Behold, Goje State


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Behold, Goje State!




Kyallu M. Ashafa



May 31, 2005


Common democratic practice the world over is to separate as much as possible public and private life. The state is not treated as if it were a personal property. Unfortunately in Nigeria, public officers hardly distinguish between public and private pockets. That is why we have reprehensible things like the launching of President Olusegun Obasanjo’s library project, which elicited so much deserved criticism. Here we are with public officers behaving as if they were synonymous with the state.

The situation is more pathetic in the states, where wanton disregard of ethics and values of democracy is perpetrated. How I wish a fraction of the media search light beamed on Obasanjo will come to Gombe state! The president’s sin regarding the library would be dwarfed compared to the recent wedding ceremony of Governor Danjuma Goje’s two daughters. It was an opprobrious squander of public funds on a purely personal project, an event that literally brought the business of governance to a complete halt for several days. It was, to use Soyinka’s words, an executive extortion of the first order.

For weeks running, the machinery of governance was deployed to executing projects relating to the wedding ceremony. Every other thing was at a complete halt. The state ministry of works was said to have built a brand new residence for one of the grooms. The eleven local governments were bled through a deduction at source from the state joint local government account. Government contractors also had to contribute. They were said to have donated generously to the wedding fund. To make a private function more official, part of the activities of the wedding was a two-day working visit by the vice president. The event culminated with Atiku laying the foundation stone for the white elephant airport project. Is it not curious that in a state where people are desperately trying to keep the wolf from the door government is busy spen ding stupendous amounts on what is purely personal affair?

But the media decided to look the other way. It is only when Obasanjo is at fault that the press wildly shouts, as if he controls all the nation’s resources. We seem to forget that the federal government merely controls just over half of the federation account. The state governors spend the other half, comprising state and local government allocations, and of course, their internally generated revenue. But I digress.

The flamboyant wedding event was held in the government house, not in Goje’s private residence where he is living for the past two years. Though it is a norm for governors to stay in the government house, my own governor wants to be different. He rented his private home to the government and continued to live there. In a furious reaction to criticisms that trailed his decision to lease his residence to the government, Goje told the BBC Hausa that the government house was too small for a family man like him to move in. He would stay put in his house despite the criticism. But, of course, he denied collecting any money from the government for that. That was in December 2003. Till date the governor is living in his private residence in Bolari area of the state capital, at an expense to the state coffers.  Whether it is morally right or wrong to live in your house and collect rent for it is a matter for the public to judge.

But one and a half years after the justification for the stay of the first family in private residence, the wedding ceremony of Goje’s two daughters in the same government house that has never been extended, with thousands including Vice President Atiku Abubakar in attendance. One wonders what kind of extended family Goje has, that cannot be accommodated in the government house though the house can contain such a crowd.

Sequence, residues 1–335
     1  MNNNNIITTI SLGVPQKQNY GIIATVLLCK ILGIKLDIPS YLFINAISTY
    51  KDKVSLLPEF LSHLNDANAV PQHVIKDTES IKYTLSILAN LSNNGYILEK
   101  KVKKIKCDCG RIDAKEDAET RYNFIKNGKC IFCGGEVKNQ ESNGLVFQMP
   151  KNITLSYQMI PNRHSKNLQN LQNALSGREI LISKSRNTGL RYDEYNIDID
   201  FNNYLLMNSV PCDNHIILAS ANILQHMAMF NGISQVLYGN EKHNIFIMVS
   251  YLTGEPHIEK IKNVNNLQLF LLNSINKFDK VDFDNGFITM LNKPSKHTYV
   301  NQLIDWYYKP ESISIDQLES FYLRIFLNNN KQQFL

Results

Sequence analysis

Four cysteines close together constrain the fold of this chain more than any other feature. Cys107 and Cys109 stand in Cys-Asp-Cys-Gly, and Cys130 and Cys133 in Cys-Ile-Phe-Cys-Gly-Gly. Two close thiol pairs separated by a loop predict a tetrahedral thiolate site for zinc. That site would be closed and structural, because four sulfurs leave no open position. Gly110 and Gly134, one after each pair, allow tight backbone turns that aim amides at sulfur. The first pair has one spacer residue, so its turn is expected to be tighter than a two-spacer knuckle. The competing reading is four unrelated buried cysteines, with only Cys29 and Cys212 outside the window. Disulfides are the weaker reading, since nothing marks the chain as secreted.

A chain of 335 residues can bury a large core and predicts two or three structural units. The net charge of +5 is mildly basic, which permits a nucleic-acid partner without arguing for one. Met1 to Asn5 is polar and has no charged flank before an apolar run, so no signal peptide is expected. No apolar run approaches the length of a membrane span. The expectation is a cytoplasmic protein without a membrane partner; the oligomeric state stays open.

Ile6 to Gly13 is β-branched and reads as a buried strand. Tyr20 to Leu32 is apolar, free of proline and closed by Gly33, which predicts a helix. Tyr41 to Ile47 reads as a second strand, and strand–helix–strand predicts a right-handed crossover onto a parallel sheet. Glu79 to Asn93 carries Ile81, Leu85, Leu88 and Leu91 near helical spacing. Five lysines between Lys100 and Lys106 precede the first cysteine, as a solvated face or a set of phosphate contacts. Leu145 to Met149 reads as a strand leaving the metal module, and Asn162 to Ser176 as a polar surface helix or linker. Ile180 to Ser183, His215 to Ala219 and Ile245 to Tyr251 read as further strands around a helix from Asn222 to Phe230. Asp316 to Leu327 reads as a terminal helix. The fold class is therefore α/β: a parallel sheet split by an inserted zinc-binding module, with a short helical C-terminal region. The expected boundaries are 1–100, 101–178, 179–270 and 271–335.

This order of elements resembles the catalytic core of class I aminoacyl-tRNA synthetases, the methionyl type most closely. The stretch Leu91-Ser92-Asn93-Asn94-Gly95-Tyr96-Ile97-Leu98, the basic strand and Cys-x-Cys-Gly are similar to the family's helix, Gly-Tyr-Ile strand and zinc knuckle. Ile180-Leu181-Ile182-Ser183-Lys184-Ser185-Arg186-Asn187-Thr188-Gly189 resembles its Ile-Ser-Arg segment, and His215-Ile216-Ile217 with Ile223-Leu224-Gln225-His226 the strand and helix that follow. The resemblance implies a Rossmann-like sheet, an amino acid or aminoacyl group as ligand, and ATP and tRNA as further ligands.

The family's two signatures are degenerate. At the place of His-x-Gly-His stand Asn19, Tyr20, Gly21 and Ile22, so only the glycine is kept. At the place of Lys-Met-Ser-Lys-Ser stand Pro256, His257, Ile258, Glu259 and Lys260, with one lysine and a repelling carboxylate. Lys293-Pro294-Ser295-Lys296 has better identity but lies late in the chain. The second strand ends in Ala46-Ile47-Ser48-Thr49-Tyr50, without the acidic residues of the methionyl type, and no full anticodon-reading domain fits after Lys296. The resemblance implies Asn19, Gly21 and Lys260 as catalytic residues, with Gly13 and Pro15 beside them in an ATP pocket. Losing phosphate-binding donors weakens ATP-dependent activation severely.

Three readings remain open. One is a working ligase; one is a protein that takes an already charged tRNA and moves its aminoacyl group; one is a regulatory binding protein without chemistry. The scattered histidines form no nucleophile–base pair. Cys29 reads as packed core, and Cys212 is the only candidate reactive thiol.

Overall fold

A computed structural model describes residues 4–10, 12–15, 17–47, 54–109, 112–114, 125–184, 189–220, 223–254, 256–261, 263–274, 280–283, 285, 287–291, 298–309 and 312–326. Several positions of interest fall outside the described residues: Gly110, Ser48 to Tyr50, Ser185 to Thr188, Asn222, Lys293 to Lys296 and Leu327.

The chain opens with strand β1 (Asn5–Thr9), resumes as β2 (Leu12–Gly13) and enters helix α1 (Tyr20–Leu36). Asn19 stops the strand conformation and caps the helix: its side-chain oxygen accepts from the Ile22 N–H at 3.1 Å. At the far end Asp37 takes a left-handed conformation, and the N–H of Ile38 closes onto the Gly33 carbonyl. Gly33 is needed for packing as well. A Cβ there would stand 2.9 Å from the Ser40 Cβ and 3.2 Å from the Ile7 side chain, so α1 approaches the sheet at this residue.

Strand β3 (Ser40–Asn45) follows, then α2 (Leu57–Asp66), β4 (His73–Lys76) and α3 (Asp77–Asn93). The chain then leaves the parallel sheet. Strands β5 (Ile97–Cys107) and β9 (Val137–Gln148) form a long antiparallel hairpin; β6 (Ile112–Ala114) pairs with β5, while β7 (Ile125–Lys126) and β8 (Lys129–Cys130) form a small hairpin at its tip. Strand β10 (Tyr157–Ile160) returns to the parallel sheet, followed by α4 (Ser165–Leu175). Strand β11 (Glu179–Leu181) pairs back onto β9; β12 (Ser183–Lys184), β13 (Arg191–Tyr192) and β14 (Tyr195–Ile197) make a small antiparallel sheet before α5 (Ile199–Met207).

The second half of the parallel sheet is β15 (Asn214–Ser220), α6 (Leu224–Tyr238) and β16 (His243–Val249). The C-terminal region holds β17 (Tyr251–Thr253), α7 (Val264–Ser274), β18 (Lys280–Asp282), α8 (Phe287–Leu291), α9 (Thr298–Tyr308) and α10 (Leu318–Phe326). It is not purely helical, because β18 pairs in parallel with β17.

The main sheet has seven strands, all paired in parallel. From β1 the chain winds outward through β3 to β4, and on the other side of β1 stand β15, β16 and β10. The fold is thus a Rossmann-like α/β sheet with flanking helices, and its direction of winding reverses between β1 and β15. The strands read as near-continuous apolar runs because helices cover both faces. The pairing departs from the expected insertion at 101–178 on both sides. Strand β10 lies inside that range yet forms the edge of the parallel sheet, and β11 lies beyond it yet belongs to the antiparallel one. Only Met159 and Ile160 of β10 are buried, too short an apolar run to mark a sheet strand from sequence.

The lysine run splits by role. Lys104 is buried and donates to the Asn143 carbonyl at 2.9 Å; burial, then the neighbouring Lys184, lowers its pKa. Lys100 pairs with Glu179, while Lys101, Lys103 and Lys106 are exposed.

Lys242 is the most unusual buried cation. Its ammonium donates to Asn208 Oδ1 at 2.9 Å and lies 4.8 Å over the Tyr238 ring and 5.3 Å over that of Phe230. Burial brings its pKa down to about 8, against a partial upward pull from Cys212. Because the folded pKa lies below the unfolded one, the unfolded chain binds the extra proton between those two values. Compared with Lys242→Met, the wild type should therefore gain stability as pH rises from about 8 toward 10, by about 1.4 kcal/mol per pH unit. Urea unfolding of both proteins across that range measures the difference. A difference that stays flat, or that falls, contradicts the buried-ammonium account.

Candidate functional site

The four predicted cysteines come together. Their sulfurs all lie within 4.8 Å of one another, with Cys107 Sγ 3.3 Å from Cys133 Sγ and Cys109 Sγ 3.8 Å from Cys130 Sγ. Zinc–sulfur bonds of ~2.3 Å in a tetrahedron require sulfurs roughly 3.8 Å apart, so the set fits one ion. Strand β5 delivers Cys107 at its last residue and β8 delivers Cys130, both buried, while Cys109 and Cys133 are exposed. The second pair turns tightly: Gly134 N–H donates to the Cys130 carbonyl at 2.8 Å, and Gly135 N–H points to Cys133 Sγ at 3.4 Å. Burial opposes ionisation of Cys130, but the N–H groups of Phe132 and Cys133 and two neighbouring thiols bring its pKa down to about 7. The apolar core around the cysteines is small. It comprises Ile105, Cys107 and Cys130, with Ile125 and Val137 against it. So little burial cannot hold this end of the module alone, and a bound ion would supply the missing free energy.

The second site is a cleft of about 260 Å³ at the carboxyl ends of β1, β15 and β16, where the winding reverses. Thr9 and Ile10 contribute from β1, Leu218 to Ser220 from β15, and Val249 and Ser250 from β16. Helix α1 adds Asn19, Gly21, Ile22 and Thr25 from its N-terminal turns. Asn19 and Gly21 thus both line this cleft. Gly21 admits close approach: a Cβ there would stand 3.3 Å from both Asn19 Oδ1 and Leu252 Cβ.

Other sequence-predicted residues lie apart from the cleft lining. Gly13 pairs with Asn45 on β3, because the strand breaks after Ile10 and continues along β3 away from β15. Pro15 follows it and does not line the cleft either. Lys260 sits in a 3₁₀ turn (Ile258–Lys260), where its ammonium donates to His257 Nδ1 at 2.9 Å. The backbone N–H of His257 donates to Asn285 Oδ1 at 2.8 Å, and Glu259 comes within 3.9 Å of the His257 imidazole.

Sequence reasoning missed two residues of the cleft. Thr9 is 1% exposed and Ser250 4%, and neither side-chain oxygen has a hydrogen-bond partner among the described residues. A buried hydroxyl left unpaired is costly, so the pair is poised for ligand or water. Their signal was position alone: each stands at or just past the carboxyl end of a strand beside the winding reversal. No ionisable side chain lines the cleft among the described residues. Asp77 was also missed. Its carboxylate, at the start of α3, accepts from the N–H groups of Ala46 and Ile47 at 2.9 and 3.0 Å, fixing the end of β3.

Back in 2002, the Tell magazine’s famous graffiti featured a caricature of then governor of Kogi state, Prince Abubakar Audu busy naming public institutions after himself and his father. In the illustration, Audu was featured, after exhausting all institutions, painting a billboard bearing ‘Audu State’. It looks like Gombe will soon have a new name, but in a different manner. Unlike Audu, whose personalization of the state may have stopped at naming institutions after himself and his father, Goje’s antics portray a man who wants to be and remain the most powerful individual in the state for life. Where else, besides Gombe, are people banned from pasting posters other than those of the governor or Atiku? Huge billboards with Goje’s portraits adorn the border posts leading into the state through the highways, in all instances dwarfing the usual ‘welcome to Gombe’ billboards. We are yet to hear the naming of public institutions, but it is doubtful if they come without the Abubakar Audu-style.

The crescendo of terrorism in the state is still rising. The sordid experience of the state NAPEP coordinator Hajiya Bibiye Sadiq is still fresh in people’s minds. Thugs were sent after her because she was perceived as potential political threat to the powers that be. Before Gombawas recover from the shock of that attack, the new Accountant General of the Federation, Alhaji Ibrahim Dankwambo was similarly attacked by political thugs believed to be state-sponsored. Though the state government recently disowned all thugs terrorizing the people, its difficult to believe that thugs who are known to be bankrolled and protected by government cronies and officials can thrive with so much impunity without the complicity of the state government.

 The message in the Bibiye Sadiq and Dankwambo episodes is that no new star is welcome in Gombe state. With the level of political intimidation increasing, the state resources cornered to run private projects; Gombe may soon have a new name—Goje state.



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